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Gas Lift Modelling

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Gas Lift Modelling

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Gas Lift Modelling

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Gas Lift Valve Mechanics
3 basic types of gas lift valve, each available in 1 & 1-1/2 sizes:

Dummy valves Orifice valves Unloading valves

Square edged Injection pressure (casing) operated valves

Venturi (nova) production pressure (fluid) operated
Throttling/proportional response valves

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Unloading Valves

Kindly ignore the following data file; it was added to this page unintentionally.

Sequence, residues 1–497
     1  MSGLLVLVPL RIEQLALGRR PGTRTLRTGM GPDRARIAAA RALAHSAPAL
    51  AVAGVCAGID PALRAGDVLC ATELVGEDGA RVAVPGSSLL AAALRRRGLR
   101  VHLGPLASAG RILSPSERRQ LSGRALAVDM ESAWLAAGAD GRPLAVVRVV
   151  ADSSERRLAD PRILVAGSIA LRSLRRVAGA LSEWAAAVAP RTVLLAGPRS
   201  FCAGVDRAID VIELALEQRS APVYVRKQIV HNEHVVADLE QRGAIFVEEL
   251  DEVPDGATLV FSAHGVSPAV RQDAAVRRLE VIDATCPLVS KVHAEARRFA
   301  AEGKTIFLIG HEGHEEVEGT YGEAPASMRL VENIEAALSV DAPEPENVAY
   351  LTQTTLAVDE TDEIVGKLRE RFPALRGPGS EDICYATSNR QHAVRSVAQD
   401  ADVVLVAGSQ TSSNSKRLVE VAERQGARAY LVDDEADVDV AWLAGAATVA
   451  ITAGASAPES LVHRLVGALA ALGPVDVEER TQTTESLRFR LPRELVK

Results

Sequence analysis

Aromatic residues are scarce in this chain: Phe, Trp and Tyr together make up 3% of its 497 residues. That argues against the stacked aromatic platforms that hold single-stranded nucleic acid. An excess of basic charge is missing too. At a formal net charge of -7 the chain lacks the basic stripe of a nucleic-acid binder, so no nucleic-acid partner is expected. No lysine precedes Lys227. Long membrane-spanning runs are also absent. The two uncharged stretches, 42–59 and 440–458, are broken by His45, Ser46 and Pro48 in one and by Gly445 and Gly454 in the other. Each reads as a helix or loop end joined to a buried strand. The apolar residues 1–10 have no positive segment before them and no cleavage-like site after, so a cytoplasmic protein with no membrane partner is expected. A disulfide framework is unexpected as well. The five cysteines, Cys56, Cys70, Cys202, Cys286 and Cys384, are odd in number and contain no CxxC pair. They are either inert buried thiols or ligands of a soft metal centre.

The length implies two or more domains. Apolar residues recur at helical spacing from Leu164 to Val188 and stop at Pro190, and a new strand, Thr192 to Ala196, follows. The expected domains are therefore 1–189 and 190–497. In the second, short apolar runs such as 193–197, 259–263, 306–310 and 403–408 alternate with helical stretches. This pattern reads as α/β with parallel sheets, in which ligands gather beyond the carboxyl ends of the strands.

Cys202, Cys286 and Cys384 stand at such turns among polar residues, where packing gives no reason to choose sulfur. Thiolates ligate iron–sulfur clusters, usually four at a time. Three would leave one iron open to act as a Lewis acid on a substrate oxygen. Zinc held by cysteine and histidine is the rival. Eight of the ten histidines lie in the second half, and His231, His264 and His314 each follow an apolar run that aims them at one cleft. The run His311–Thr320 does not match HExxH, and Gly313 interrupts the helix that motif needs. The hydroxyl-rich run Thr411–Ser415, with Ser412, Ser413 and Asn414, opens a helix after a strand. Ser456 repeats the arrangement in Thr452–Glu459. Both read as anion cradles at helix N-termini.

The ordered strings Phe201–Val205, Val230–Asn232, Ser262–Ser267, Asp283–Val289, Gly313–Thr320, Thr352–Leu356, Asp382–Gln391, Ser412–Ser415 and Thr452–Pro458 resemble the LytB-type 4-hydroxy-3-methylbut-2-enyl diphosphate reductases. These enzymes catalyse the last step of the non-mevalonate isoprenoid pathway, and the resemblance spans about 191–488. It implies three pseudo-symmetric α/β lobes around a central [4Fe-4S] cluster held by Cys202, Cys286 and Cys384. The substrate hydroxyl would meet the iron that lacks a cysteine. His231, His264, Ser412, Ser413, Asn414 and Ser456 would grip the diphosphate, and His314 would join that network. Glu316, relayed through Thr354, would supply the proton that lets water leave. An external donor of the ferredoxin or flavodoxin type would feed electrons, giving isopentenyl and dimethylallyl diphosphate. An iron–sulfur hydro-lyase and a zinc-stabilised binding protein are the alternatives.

Atmospheric Bellows


Stem Upstream/
Stem Tip



Pressure Regulator Spring Operated Gas Lift Valve

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Unloading Valves

0 500 1000 1500 2000 2500 3000 3500










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Unloading Gas Lift Valve
Normally required during unloading phase only
Open only when annulus and tubing pressures are high
enough to overcome valve set pressure
Valve closes after transfer to next station
May be spring or nitrogen charged

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Orifice Valves



Valve designed for accurate gas passage

One-way check valve for tubing integrity.

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Operating Gas Lift Valve

Typically an orifice type Gas lift valve

always open - allows gas across Passage whenever correct
differential exists
Gas injection controlled by size and differential across
replaceable choke
Back-check prevents reverse flow of well fluids from the
production conduit